Posted 10 May 2012 by Andrew Gardner
May is the month for festivals in Sussex, with some of the best you'll find anywhere.
Running from 5-27 May is the famous Brighton Festival, England's biggest arts festival, with this year's guest director Vanessa Redgrave inspiring a whole range of events that explore some of her favourite themes ranging from theatre, literature and politics to humanitarian and social issues. Alongside it runs the Brighton Fringe, the third-largest fringe festival in the world with something like 675 events over three weeks. Just about every one of Brighton's fabulous arts venues, plus some quite unexpected temporary ones, is pressed into action and it's always a showcase for major and up-and-coming talent as well as a forum for ideas and debates.
Every Saturday throughout the period there's also a free outdoor showcase of some of the events, Fringe City, so you have no excuse to miss out! If you're staying in one of our Brighton cottages you'll be right in the thick of it; if not, I'd recommend coming in by public transport or using the park and ride – much easier than struggling for a parking space in the city.
Meanwhile, 10 days from 25 May sees the 23rd Charleston Festival at the former country home of the Bloomsbury Group, near Lewes. The festival takes place in a marquee in the beautiful grounds of Charleston and will play host to a stimulating array of writers, performers, politicians and thinkers – guests this year include Joanna Lumley, Annie Leibowitz, Max Hastings, Andrew Marr, Ruth Rendell and Michael Frayn. Talks, debates and workshops are all reasonably priced but it's wise to book in advance as they're always popular.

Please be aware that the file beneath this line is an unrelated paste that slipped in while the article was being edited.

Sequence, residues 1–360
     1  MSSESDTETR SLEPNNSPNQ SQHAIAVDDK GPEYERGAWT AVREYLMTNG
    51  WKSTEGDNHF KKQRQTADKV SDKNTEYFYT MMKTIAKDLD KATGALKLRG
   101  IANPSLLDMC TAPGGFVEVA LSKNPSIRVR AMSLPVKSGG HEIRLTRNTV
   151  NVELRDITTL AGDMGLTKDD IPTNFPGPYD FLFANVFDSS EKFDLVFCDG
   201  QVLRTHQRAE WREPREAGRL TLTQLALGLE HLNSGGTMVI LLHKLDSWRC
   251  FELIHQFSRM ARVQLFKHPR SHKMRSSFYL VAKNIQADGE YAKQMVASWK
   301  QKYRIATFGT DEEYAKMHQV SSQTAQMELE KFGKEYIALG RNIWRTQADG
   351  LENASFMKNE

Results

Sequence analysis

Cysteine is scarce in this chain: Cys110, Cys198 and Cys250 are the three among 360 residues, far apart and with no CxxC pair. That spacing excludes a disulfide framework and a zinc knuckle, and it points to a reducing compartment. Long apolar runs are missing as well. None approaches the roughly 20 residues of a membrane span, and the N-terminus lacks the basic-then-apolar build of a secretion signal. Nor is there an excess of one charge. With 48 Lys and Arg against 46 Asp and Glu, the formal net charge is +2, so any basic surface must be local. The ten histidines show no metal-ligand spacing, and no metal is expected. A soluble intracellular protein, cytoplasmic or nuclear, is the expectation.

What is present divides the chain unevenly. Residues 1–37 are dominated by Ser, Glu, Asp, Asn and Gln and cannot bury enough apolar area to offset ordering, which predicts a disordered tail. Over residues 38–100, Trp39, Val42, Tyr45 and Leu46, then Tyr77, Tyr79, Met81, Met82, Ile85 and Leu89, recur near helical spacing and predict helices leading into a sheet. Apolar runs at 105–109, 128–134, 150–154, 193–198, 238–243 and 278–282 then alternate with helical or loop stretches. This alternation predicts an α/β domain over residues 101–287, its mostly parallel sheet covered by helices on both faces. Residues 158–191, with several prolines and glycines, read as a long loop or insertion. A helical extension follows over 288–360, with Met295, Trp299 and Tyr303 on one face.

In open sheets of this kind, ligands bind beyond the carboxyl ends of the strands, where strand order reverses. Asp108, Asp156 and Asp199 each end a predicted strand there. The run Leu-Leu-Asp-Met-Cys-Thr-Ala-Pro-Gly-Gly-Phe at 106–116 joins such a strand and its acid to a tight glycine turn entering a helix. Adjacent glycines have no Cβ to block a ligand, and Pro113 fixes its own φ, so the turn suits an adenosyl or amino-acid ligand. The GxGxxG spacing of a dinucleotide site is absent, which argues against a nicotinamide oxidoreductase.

While you're there take a tour of the house, with its eclectic and beautiful furnishings designed by Duncan Grant and Vanessa Bell.
The Glyndebourne Festival also starts in May, featuring operatic works from four different European traditions from the 17th to the 20th century. It opens with Janacek's The Cunning Little Vixen on Sunday 20 May and if you've never experienced the magic of opera – or even opera on film – at Glyndebourne, I can promise you it's a terrific reason to visit Sussex in its own right.